Criminal Attorneys Aren't Just for Criminals

What To Know About Roadside Sobriety Testing

by Eva Holmes

Roadside testing of drivers is supposed to make our roads safer, but these tests may be problematic. If you or a loved one has been arrested based on one or more field sobriety tests, you should seek legal help from a criminal law attorney. An arrest is not a conviction, and you will need expert help on your side to prove that an aspect of the stop and all tests performed were not done so properly. Read on to learn more about these tests.

The Three Main Field Sobriety Tests

Law enforcement has a variety of options at their disposal when evaluating a driver for being under the influence (DUI). The three tests below have been in heavy rotation for a long time and are quite familiar to almost everyone.

Walk and Turn

This test involves a suspect performing a walk of a few feet while counting out loud. The suspect is told to walk by placing their heel in front of the toes of the opposite foot, which gives the subject the appearance of walking on a tightrope (if performed correctly). They must take a certain number of steps forward along an imaginary (or actual) line, spin around, and return to the starting point in the same heel-to-toe manner. This is a test of balance, equilibrium, and following directions. The spin-turn in the middle, for example, can be enough to bring people who are impaired off-balance and have their heads spinning. Unfortunately, this test works best on those who don't already have balance issues from neurological issues. Additionally, the instructions may not be clear to those who don't speak English well or that have hip or lower extremity flexibility and mobility issues.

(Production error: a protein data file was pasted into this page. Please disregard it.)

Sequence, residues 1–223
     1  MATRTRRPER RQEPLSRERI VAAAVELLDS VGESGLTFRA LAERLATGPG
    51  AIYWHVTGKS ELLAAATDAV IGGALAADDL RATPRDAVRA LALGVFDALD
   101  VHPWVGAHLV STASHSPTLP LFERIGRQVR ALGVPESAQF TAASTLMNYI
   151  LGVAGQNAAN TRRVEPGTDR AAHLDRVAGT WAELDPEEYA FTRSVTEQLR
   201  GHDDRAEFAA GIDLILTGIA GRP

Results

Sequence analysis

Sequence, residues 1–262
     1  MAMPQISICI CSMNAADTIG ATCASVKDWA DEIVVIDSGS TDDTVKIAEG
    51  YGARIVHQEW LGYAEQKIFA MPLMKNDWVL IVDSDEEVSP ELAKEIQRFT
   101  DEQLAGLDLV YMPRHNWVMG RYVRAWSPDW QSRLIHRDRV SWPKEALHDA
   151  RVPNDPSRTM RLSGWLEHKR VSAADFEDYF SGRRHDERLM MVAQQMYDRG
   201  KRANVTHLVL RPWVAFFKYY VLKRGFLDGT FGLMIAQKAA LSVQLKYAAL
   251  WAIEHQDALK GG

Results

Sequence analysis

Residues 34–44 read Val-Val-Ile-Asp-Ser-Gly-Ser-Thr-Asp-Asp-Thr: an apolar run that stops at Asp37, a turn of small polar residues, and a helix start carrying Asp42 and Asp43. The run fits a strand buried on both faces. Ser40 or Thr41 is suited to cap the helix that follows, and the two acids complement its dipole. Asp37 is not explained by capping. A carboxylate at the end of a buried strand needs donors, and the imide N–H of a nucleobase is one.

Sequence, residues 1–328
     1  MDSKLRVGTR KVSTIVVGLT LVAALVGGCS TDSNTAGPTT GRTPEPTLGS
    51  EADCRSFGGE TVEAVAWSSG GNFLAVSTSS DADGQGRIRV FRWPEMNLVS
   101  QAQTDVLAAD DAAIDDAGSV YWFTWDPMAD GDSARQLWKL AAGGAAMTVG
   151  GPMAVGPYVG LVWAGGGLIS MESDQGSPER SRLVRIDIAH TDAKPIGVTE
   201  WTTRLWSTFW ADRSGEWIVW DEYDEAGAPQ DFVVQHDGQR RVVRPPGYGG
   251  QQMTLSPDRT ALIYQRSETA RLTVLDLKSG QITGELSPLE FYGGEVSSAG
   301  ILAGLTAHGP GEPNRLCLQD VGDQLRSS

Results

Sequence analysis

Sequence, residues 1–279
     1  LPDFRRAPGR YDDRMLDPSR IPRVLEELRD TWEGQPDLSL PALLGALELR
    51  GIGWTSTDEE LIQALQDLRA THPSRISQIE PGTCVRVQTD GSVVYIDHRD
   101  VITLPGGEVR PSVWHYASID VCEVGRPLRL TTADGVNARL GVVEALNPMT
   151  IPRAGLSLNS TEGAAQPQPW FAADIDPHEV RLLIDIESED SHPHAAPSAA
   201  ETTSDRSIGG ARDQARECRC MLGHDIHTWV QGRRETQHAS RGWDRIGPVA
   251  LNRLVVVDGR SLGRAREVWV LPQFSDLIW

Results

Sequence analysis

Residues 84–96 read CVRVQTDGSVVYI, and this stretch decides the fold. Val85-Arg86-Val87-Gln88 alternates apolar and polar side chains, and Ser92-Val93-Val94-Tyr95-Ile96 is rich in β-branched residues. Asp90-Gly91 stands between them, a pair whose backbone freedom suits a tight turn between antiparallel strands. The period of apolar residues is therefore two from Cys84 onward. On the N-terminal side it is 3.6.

Horizontal Gaze Nystagmus

This test has the subject attempting to follow an object held by a law enforcement officer using only their eyes and not their heads. This test can be challenging for officers to interpret, particularly in certain conditions like low light or when flashing lights are present. As the officer observes the movement of the eye back and forth and up and down, they are observing the points at which jerky eye movements occur. Alcohol use can be detected in those jerky movements. Unfortunately, those who wear contacts or who have certain eye disorders show some of the same signs of impairment that those under the influence might.

One-Legged Stand

This test appears simple, but it can be extremely difficult for those who've been drinking to perform. The subject is told to stand with one leg extended in front of them and count by "hundreds" until told to stop. While it can send those with impairments off-balance and struggling to remain standing, it can cause the same problems in those who have balance issues or leg or feet medical issues. For example, something as widespread as arthritis (a deterioration of the joints) can make it impossible to stand on one foot at all.

Contact a defense attorney for representation if you have been arrested for a driving under the influence charge.